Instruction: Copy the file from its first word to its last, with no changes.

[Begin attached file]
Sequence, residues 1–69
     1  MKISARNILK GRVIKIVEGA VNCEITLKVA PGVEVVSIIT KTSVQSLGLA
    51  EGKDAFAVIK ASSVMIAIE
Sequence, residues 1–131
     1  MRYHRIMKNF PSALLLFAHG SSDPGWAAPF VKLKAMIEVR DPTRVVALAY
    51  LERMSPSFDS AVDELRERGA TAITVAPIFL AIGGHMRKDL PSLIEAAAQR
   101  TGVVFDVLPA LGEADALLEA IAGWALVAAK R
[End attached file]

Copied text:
Sequence, residues 1–69
     1  MKISARNILK GRVIKIVEGA VNCEITLKVA PGVEVVSIIT KTSVQSLGLA
    51  EGKDAFAVIK ASSVMIAIE
Sequence, residues 1–131
     1  MRYHRIMKNF PSALLLFAHG SSDPGWAAPF VKLKAMIEVR DPTRVVALAY
    51  LERMSPSFDS AVDELRERGA TAITVAPIFL AIGGHMRKDL PSLIEAAAQR
   101  TGVVFDVLPA LGEADALLEA IAGWALVAAK R